So promising across the first three ODIs West Indies’ batting unraveled when a share of the series was still up for grabs. Having been bowled out for 153 on a flat Brabourne deck in the fourth ODI, the visitors did even worse on a trickier pitch in Thiruvananthapuram, folding for 104 after choosing to bat first.
Virat Kohli, India’s captain, was happy to chase at a ground where he felt dew would be a “massive factor” in the second innings, under lights. But the match didn’t even last as far as the scheduled 45-minute interval.
West Indies were bowled out in 31.5 overs, and India hunted down their target in a mere 14.5, as Rohit Sharma stroked an unbeaten 63 off 56 balls, adding an unbroken 99 for the second wicket with Kohli. Rohit hit four sixes – all clean hits, as they needed to be on one of the larger grounds in India – to become only the second India batsman to get past 200 sixes in ODIs.
The only spell of positivity for West Indies was the new-ball spell of the pacy Oshane Thomas, who got Shikhar Dhawan to chop on for the second time in two ODI meetings, had Kohli dropped by Jason Holder at first slip after getting one to lift nastily at him, and had Rohit edging an away-seamer behind only for a no-ball call to deny him another wicket.
Thereafter, it was all Rohit and Kohli who, having got past some early difficulty against the slowness of the pitch, entertained the Thiruvananthapuram crowd who might otherwise have felt shortchanged at getting to watch only 46.4 overs of the promised 100.
The contest lasted only that long, thanks to West Indies’ inability to adapt to a slow pitch on which the ball held up and made driving on the up a hazardous prospect.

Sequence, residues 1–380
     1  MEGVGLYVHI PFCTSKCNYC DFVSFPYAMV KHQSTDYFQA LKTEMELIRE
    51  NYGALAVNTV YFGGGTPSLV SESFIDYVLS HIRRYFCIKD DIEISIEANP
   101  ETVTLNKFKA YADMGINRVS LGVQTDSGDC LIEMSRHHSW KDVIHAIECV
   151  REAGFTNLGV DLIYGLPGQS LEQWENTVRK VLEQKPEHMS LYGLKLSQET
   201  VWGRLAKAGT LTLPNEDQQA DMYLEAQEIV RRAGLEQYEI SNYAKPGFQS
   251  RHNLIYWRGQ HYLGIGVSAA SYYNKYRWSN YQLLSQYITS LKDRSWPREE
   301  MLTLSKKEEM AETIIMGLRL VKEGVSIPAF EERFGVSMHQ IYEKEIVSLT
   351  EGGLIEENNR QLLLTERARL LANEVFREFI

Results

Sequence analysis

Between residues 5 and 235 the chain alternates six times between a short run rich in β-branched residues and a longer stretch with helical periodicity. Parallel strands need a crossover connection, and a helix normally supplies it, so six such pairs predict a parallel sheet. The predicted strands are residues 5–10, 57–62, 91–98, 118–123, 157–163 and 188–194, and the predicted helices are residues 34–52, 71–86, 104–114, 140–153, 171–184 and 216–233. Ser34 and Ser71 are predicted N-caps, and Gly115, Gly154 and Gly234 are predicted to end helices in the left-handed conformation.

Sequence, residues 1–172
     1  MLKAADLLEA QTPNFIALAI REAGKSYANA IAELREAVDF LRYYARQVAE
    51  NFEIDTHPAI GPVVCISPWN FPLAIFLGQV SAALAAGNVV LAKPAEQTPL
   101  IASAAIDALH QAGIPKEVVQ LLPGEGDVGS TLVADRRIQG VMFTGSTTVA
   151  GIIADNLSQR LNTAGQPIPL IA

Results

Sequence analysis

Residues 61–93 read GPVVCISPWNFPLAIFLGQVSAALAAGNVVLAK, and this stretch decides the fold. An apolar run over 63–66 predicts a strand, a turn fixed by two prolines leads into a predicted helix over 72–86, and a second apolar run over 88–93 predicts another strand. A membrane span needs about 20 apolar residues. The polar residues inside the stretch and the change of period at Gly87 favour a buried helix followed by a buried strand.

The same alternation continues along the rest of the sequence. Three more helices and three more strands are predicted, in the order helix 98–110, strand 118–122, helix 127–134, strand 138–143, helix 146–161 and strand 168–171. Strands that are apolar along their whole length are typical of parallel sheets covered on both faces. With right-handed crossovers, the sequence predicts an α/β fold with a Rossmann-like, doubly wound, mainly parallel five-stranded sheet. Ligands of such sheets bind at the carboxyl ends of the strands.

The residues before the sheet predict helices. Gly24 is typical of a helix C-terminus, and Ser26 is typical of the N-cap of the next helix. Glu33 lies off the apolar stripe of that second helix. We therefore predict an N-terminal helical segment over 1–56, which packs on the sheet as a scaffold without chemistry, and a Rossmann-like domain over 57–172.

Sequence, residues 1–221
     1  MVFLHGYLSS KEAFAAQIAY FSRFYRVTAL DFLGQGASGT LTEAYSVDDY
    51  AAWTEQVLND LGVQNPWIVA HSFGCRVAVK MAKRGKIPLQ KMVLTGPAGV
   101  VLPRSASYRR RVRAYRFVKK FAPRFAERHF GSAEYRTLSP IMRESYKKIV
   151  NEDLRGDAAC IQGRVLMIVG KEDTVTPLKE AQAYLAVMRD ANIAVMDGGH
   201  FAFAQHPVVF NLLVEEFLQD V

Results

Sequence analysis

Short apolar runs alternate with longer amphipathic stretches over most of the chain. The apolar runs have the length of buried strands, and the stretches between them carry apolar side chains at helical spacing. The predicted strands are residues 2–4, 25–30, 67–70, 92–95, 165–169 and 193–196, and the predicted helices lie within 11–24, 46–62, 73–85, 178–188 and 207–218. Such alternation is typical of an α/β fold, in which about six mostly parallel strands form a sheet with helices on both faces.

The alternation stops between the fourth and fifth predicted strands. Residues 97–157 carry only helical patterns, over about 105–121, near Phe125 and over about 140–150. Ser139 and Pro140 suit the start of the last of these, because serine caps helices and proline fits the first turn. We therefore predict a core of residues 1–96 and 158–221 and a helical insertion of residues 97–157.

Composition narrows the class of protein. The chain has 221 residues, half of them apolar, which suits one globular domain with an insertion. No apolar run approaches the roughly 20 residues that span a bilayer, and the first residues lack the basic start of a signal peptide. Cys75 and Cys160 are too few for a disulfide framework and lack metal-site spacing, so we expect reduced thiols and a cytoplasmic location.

It was the swing that began their collapse. By the tenth ball of their innings, Bhuvneshwar Kumar, swinging it away from the left-hander, and Jasprit Bumrah, swinging it into the right-hander, had made Kieran Powell and Shai Hope pay for playing away from the body.
Then came the longest partnership of the innings, of 34, between Rovman Powell – who struggled to find his feet after being promoted up the order, with West Indies sacrificing regular opener Chandrapaul Hemraj to add Oshane Thomas to their pace attack – and Marlon Samuels, who came out playing his shots at the end of a lean series with the bat.
It looked pretty while it lasted, as Samuels drove Bhuvneshwar past mid-off and whipped his next ball – from virtually the same off-stumpish line – wide of mid-on. Another free-flowing drive off Khaleel Ahmed, in the next over, carried all the way over the straight boundary.
Kohli responded by bringing on Ravindra Jadeja. His first over, the tenth of West Indies’ innings, was a maiden, and through that over it was clear that Samuels was itching to keep driving and that Jadeja, teasing him with his changes of pace and a length just short of driveable, was not going to allow him to. Having already inside-edged once while driving away from his body, Samuels fell in Jadeja’s second over, reaching out once again, this time only managing to pop a catch to extra-cover as the ball stopped on him.
That stand broken, India kept chipping away at the wickets. Shimron Hetmyer played back to Jadeja when he should have been forward, Rovman and Fabian Allen were out hooking well-directed short balls from Khaleel and Bumrah, and Jason Holder, who had looked good while getting to 25, chipped a catch to mid-off as another ball held up off the surface.
The tail survived just long enough for Jadeja, who took a five-over break after an unbroken first spell of eight overs, to return and bag two more wickets to finish with 4 for 34. It was his second four-wicket haul in eight matches since his comeback to the ODI team during the Asia Cup in September.